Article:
October Gardening Guide

If August is green, the colour of October must surely be yellow or orange, for it is this month that brings along with the falling leaves, the harvest of squash and pumpkin. It is the grinning face of the latter that we see on the last day of this month, candlelit and glowing in all the windows, daring us to trick or treat. Pumpkins may well throw down this gauntlet, for they seem to know that despite appearances, their contents may be rendered into the most delightful of edible things… sumptuous pies redolent of spice and autumn, hearty soups and stews to warm the bones and heart. Harvest your pumpkins, marrows and squashes once they are ripe. Leave them in the sun to harden and dry off before storing in a dark cool place. Beetroot, carrots and potatoes may also be stored in this way. In this month you may still be reaping the last of the spinach, endive, kohl rabi and courgettes. While preparing the ground for your garlic and onion sets, consider digging up the entire space once all the other crops have been harvested. This will make light work of next spring’s planting.  As a finishing flourish, dig in a green manure for soil enrichment and to keep winter weeds at bay. The old wife is fond of saying, ‘Hoe when you can’t see a weed and you will never see a weed’. We have no reason to doubt her. So hoe, harvest and hand out the treats this month to avoid any tricks as the old year gently winds towards its closing. Many birds will be bidding farewell this month, but do remember the remaining ones with water and a replenished bird table.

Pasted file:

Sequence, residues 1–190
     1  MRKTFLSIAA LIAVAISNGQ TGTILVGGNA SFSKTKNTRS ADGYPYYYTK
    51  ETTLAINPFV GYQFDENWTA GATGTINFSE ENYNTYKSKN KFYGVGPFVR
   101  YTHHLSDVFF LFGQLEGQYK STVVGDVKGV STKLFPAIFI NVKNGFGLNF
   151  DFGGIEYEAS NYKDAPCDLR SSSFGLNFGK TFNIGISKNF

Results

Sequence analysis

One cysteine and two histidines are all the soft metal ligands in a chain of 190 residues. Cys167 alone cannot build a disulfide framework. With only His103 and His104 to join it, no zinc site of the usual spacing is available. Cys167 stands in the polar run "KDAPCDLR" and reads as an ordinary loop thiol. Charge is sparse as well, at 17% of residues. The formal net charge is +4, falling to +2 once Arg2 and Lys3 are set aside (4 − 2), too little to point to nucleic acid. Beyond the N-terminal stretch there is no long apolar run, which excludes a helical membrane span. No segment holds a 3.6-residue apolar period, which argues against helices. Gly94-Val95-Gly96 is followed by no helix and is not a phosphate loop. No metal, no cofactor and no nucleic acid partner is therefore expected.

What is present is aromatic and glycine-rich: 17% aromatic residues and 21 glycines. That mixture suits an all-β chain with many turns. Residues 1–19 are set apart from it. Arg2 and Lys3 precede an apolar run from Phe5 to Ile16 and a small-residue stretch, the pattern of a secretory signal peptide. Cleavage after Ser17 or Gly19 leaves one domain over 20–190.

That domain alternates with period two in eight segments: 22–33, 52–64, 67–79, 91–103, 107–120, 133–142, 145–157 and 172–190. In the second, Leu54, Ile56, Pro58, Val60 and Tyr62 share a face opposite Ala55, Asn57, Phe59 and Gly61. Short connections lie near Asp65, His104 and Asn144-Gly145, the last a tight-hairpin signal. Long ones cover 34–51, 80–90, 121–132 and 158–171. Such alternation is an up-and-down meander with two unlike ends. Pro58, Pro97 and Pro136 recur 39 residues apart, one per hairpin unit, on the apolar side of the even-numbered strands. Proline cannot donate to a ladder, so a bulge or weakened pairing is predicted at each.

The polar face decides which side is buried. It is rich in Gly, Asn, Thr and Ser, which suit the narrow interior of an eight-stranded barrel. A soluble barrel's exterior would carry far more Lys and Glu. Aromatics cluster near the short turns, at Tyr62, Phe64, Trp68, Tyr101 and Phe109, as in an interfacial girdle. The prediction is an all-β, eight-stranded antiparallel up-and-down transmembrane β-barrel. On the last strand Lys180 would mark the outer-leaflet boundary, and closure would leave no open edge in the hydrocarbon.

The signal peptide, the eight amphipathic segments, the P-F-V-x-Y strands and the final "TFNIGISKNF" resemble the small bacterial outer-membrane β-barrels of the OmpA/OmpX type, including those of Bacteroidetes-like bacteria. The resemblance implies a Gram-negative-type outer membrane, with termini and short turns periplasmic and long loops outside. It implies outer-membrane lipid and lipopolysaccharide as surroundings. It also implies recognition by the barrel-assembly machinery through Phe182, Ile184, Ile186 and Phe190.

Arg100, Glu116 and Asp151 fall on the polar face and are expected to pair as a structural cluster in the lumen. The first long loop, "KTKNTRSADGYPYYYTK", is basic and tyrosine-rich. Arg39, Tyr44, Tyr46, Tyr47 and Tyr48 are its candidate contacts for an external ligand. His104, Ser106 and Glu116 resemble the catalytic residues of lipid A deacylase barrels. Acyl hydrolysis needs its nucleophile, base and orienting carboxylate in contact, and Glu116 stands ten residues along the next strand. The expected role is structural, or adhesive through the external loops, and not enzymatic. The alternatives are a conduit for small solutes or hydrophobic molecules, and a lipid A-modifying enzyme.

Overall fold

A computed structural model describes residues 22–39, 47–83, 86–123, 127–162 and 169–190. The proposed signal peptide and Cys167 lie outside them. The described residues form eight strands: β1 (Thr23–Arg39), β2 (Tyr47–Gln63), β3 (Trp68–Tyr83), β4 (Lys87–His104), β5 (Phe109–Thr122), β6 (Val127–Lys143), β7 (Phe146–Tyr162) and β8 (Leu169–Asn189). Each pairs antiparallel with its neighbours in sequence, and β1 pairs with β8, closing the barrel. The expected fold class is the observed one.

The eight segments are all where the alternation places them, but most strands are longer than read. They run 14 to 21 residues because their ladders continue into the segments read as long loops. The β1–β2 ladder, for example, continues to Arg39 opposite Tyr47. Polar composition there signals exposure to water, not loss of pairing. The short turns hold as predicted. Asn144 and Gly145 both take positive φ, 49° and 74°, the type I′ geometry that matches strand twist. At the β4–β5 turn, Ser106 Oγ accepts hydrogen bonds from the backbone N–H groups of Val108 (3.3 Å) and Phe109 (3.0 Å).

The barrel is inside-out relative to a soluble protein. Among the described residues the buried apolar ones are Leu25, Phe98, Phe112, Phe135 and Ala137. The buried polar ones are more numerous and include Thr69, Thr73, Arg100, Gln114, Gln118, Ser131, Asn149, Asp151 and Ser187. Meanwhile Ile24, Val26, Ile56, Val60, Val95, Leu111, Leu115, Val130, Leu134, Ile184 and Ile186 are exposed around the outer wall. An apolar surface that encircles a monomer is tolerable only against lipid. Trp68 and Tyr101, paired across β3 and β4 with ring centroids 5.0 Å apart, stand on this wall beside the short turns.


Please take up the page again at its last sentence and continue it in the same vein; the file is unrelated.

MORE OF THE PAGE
On the motionless branches of some trees, autumn berries hung like clusters of coral beads, as in those fabled orchards where the fruits were jewels . . .

–   Charles Dickens

October’s child is born for woe,
And life’s vicissitudes must know,
But lay an opal on her breast,
And hope will lull those woes to rest

All things on earth point home in old October: sailors to sea, travelers to walls and fences, hunters to 
field and hollow and the long voice of the hounds, the lover to the love he has forsaken.
– Thomas Wolfe 

The stillness of October gold
Went out like beauty from a face.
–   E. A. Robinson